Over Memorial Day, we saw artist Steve Powers in Coney Island and mentioned how much of the signage for his Dreamland Artist Club project had been painted over or demolished due to redevelopment. The most recent loss was the signage on Jones Walk, where the works created by Dreamland artists in 2004 were stolen or scrapped when the game operators moved out after losing their leases. The sole surviving “coin” from Toland Grinnell’s Dime Toss sign was donated to the Coney Island History Project, which is next door to some of the relocated games.

Powers told ATZ he was going to create new signs for Miss Coney Island, Skin the Wire and other games that moved to West 12th Street from the Walk. Today the artist unveiled the supercool signs shown above via twitter. “Watch Her Dance Till the End of Love” is for the automaton “Miss Coney Island.” The dancing doll did an exclusive interview with ATZ last month about the big move and the marvelous makeover that has fans saying she looks 30 years younger. “Miss Coney Island” and the miniature animated rides of “Coney Island Always” are next door to Skin the Wire and other whimsical games located on 12th Street just off the Boardwalk. The new signs will be installed next week.

Skin the Wire on West 12th Street is one of the booths getting new signs by Steve Powers. Photo © Tricia Vita/me-myself-i via flickr

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Gyro Corner Clam Bar

Gyro Corner Clam Bar - Coney Island. June 10, 2008. Copyright © silversalty via flickr. All Rights Reserved

Our fave photo of Gyro Corner Clam Bar on the Coney Island Boardwalk is this night shot of the 12th Street side by silversalty. It’s lit up like a Chelsea art gallery waiting for reception-goers on a Thursday night. The photographer’s Coney Island set on flickr is rich with night images of such vanished wonders as Faber’s Fascination marquee, Astroland’s Breakdance and M & M Gyro’s signage. Gyro Corner Clam Bar will close and its hand-painted signage will become part of Coney’s vanished landscape after November 4, 2011.

If you live too far away to visit, check out the hundreds of photos on flickr as well as several in Roadside Art Online’s fascinating Gyros Project. We’ll miss these whimsical depictions of anthropomorphized clam waiters serving up plates of clams and “The Gyros Sandwich glorified.” Coney Island’s vernacular signage is widely appreciated as Art and Americana, though it doesn’t fit Luna Park operator Valerio Ferrari’s Europeanized “vision” for the new Boardwalk.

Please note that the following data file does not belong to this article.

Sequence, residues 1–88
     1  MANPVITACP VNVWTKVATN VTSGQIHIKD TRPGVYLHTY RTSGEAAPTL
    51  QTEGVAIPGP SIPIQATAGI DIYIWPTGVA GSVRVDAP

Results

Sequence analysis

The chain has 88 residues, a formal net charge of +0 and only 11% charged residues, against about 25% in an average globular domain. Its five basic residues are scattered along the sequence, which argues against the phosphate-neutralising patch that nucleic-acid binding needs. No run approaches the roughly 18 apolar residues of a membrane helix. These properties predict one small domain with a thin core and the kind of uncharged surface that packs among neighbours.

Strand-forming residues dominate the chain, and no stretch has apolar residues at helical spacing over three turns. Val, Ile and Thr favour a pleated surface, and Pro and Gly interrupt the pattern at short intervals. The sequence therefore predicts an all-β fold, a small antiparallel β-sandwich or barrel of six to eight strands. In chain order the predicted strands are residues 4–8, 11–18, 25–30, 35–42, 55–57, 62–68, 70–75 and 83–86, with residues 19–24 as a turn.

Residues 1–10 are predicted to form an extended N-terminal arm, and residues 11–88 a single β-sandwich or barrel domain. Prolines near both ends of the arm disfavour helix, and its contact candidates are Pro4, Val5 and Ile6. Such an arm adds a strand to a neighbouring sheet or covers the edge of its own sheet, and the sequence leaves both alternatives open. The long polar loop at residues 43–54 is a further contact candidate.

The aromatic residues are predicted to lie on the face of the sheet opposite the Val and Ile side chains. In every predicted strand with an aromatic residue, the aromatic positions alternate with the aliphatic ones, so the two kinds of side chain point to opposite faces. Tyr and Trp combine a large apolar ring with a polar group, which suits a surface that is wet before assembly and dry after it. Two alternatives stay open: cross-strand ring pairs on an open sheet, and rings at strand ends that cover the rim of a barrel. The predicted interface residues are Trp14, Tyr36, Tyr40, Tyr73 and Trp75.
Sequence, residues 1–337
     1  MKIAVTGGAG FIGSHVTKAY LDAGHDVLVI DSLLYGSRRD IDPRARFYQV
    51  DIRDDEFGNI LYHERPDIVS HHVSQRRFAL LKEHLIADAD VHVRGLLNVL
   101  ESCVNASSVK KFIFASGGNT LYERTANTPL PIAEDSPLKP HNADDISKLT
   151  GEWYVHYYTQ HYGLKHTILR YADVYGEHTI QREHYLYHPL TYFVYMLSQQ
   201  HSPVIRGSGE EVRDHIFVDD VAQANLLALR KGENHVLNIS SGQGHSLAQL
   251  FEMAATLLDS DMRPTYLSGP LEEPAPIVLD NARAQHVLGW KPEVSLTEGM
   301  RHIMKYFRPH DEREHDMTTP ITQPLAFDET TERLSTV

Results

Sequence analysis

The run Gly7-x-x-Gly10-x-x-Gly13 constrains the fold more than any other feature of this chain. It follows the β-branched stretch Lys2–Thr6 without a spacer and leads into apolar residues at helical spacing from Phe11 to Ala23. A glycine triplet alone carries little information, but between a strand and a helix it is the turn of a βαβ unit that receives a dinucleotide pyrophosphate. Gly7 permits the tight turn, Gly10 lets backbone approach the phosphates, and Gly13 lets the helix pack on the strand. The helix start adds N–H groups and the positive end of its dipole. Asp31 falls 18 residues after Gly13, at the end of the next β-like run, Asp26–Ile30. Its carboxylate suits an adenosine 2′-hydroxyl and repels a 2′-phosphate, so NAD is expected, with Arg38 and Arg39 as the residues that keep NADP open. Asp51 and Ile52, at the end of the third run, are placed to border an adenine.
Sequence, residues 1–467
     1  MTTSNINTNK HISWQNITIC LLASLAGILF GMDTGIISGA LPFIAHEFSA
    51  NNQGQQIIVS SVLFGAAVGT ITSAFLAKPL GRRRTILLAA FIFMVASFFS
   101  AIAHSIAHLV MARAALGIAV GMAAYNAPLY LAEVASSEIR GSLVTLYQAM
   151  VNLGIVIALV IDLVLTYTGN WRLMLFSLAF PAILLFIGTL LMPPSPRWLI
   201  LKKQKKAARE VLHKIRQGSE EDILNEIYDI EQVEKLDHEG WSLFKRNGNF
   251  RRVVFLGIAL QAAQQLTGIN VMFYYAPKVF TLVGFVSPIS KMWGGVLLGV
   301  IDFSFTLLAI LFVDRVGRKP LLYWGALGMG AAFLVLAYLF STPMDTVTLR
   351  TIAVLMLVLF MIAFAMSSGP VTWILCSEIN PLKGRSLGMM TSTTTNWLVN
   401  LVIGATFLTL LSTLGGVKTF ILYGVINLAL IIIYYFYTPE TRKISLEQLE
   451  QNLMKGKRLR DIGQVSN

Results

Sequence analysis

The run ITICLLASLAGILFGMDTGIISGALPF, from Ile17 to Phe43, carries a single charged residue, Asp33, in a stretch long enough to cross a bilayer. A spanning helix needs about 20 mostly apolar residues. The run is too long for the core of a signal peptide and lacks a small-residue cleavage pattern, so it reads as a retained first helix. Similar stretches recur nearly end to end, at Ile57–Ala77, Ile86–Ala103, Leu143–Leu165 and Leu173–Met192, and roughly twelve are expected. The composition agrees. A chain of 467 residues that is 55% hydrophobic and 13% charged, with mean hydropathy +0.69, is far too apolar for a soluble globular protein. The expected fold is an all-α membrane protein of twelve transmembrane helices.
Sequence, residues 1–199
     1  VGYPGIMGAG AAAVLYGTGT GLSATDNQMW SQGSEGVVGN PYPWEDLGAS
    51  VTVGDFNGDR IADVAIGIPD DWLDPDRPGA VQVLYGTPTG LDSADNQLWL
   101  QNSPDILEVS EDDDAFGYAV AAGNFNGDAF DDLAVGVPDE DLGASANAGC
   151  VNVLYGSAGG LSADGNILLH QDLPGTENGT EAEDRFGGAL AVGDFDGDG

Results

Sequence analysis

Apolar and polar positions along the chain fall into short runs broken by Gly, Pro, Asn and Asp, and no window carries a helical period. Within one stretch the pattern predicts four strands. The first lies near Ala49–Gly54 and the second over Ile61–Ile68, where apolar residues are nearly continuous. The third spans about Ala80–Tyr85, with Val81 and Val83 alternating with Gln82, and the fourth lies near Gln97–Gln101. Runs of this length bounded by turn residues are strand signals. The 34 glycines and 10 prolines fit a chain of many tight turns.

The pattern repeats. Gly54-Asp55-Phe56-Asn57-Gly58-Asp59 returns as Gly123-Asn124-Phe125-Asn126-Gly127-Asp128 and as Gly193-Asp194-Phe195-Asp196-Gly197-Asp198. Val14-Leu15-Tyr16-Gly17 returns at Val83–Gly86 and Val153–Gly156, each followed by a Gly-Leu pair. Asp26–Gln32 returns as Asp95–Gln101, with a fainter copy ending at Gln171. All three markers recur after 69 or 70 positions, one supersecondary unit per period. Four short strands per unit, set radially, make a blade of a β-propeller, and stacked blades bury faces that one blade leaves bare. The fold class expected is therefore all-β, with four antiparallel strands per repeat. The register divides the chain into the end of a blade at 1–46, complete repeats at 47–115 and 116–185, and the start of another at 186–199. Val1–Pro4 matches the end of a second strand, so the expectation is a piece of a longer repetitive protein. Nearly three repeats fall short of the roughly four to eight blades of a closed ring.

The 12th Street side of Gyro Corner is where the clam bar of “Hey Joey!” fame resides. When the mural was painted by L.A.-based Gents of Desire for Steve Powers’ Dreamland Artist Club in 2004, it won acclaim from art critics. “Combining F. Scott Fitzgerald’s tragic 1920s glamour with the tough stylings of L.A.’s Mexican street gangs,” wrote Andrew Hodges in The Brooklyn Rail. The real-life “Joey Clams” was interviewed by The New York Times:

Joey Pesca, the manager of the popular clam bar, also known as the Gyro Corner, at the Boardwalk and West 12th Street, said the wall sign painted for him by the Gents of Desire – otherwise known as Jonathan Bleser and Alexis Ross – has made his business a destination for art lovers and has given him a new appreciation for artists.

“They were actually a joy to be around,” Mr. Pesca, also known as Joey Clams, said of the Gents. “And at the end they added this little thing that says, ‘Hey Joey!,’ which has made me a little famous around here.”

Alas, we must now say goodbye to “Hey Joey!,” as we already did to Steve Powers’ Shoot Out the Star signs at the Henderson Building and Rita Ackermann’s mural on the Feltman’s Building. Goodbye to the flashy front-of-the-show vernacular signage at Gyro Corner and Paul’s Daughter and Steve’s Grill House. The new Boardwalk storefronts will be branded. We expect the facades and signage to look more uniform as well. It’s a harbinger of the City’s vision of a single operator Coney Island.

We’ll post photos of Gyro Corner’s Boardwalk signage before this series ends when the seven Boardwalk Mom and Pops vacate the premises on November 4th. ATZ is saying goodbye to old friends with a favorite photo (or two) a day. Click the tag “Countdown to Corporatization” to see all of the photos. Many thanks to Adrian Kinloch, who frequently photographs Coney Island, for this close-up of “Hey Joey!” from his superb Coney Island Design set on flickr.

Coney Island Signage

Coney Island Hand Painted Signage. December 3, 2006. Photo © Adrian Kinloch via http://www.adriankinloch.net/photography. All rights reserved

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October 20, 2011: Reversal of Fortune on the Coney Island Boardwalk

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October 28, 2010: Photo Album: Requiem for Coney Island’s Shoot Out the Star

January 25, 2010: Bruce Handy’s Photo Album: Doomed Dreamland Artist Club Mural